The Sawdust Art Festival is doing just fine this year, according to one official, despite reports that the 44-year-old festival has been operating in the red for the past two years.
Executive Director Tom Klingenmeier said that paid attendance at the Sawdust was up by 1.8% the first week of August compared with the same time last year.
“The Sawdust is not in critical condition,” Klingenmeier said. “Our reserves are down a couple thousand dollars. We will be in a solid position at the end of the season.”
The festival’s last day is Aug. 30.
Sawdust Controller Henry Youngstead, who announced his retirement July 29, has a bleaker view of the festival’s financial future.
Youngstead has been at the helm of the festival’s finances for 20 years.
“We’re losing money, the gate is going down, and expenses continue to go up,” Youngstead said. “The gate’s been going down for 20 years. I don’t know what to do. Somebody will have to turn things around.”
Youngstead, who is 72, will stay in the controller position through the end of September.
The Festival of Arts is also experiencing tougher times, with ticket sales down for the Aug. 29 Pageant of the Masters Gala, a major fundraiser, said spokeswoman Sharbie Higuchi.
Klingenmeier acknowledged that a news report indicating that the Sawdust has been using reserves to cover expenses is accurate; but he denied that the organization was forced to use its reserves to pay for operating costs.
The Sawdust has had a number of extraordinary expenses over the past few years, he said.
“We spent $42,000 to improve the electricity and $20,000 to bury phone lines,” Klingenmeier said. The group also paid $20,000 to purchase an adjacent property from the Boys & Girls Club of Laguna Beach, and spent money to convert the Coke sales booth to a pizza kitchen.
Another $10,000 went for a green water heater and other equipment upgrades, including a new fire suppression system that cost more than $20,000.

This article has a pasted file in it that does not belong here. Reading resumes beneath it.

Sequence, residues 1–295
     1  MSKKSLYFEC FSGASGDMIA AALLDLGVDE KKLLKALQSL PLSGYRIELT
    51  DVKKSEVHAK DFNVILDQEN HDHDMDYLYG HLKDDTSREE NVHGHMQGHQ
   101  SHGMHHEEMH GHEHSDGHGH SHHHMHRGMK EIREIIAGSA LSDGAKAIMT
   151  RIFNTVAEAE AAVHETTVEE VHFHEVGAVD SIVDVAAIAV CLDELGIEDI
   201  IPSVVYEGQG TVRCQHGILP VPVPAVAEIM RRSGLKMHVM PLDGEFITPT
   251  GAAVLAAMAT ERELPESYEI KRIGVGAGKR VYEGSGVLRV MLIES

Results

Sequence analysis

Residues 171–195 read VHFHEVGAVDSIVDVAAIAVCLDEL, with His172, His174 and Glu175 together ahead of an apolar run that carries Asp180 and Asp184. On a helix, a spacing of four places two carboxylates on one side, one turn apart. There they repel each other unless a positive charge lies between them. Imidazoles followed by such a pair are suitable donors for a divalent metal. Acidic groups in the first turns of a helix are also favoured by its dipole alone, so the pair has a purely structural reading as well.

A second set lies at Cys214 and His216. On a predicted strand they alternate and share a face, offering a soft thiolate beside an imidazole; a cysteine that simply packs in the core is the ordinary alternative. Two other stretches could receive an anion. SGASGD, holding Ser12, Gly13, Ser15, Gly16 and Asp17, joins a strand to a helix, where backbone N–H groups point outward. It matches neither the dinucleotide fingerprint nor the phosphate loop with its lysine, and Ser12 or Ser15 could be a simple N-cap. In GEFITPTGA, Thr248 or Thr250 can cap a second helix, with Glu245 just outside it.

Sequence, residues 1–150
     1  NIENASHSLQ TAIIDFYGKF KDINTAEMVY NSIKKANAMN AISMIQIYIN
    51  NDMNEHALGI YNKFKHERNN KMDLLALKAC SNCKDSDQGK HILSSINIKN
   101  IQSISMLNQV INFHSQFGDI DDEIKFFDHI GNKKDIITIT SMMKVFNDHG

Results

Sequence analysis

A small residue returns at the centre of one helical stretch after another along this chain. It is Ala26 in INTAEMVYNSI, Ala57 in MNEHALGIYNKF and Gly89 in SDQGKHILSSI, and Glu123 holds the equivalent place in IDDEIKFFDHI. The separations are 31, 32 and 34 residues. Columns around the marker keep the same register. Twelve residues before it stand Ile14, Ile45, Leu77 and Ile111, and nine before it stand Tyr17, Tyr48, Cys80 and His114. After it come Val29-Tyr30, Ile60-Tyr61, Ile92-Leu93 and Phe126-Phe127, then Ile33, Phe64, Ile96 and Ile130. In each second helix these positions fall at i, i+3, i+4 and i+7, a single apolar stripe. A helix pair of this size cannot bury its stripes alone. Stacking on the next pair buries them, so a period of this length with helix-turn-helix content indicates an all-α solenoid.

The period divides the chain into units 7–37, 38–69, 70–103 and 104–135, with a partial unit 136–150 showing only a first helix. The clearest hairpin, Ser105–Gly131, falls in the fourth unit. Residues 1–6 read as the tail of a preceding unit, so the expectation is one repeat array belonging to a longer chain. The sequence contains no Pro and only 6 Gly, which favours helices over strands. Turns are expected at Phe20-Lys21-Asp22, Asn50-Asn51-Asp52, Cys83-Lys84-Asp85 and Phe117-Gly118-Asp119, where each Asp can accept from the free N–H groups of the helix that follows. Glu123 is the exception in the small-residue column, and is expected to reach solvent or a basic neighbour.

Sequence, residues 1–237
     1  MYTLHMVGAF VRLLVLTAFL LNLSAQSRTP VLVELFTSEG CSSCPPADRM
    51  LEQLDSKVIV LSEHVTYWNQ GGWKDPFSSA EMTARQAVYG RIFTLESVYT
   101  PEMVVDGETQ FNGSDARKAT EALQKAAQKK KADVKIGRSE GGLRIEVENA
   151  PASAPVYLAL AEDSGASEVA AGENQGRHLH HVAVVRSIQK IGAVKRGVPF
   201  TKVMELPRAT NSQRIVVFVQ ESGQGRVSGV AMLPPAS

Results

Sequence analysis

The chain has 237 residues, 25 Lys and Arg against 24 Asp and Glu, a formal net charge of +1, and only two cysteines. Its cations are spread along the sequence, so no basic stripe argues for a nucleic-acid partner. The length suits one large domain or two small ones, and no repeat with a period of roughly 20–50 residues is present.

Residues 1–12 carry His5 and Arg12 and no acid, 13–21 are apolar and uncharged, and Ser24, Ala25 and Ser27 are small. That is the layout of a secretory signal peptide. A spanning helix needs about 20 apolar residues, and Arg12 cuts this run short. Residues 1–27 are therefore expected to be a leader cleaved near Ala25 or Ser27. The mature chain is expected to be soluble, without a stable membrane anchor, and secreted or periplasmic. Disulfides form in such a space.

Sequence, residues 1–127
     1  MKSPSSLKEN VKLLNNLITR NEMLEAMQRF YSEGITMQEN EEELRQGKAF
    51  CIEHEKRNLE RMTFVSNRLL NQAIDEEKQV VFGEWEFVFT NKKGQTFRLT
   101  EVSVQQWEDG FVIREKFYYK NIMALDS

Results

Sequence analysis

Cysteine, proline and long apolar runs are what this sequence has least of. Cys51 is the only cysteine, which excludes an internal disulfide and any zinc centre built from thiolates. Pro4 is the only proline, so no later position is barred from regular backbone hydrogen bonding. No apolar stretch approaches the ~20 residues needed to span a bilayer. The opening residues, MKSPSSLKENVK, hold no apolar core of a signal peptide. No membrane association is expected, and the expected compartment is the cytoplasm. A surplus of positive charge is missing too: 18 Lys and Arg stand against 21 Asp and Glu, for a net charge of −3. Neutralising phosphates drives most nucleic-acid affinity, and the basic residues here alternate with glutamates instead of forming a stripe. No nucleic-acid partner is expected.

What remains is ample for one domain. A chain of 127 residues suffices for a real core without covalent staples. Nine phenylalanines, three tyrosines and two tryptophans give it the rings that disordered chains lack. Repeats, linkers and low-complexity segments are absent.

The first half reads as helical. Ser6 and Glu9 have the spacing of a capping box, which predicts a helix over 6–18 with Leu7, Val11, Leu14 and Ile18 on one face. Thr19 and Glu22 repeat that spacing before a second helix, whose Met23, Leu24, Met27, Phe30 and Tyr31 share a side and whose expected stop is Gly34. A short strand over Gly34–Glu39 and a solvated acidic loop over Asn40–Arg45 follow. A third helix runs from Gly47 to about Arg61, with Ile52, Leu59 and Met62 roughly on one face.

Art sales increase
The festival also hired an advertising agency last year, which resulted in a 2% increase in attendance, and, while attendance has flagged this summer, art sales are up, Klingenmeier said.
“The artists are happy, sales are up this year even with the bad economy,” he said.
Some Sawdust artists have reduced their prices to keep their inventory moving.
Klingenmeier said the festival is looking for new ways to raise revenues, including holding weddings at the venue.
Other possibilities under discussion by the Resource Committee include a car raffle and overnight campouts for attendees of the off-season art classes.
The Sawdust may also ask the city for grant money from Business Improvement District funds paid for by a tax on hotel rooms.
The committee started its work 1 1/2 years ago.
“We anticipate we are going to be fine, and generate enough income to replenish the reserve,” Klingenmeier said.
One of the Sawdust’s strengths is its reserve, which Youngstead is credited for creating years ago.
“He worked to build a $1.2-million reserve so we didn’t have to borrow money,” Klingenmeier said.
The reserve came in handy when the facility had to become handicapped-accessible three years ago, he said.
The Sawdust is a major summer employer in Laguna Beach, with 150 seasonal employees.
There are five full-time employees, and the top salary is $60,000, which is paid to the executive director, groundskeeper and controller, Klingenmeier said.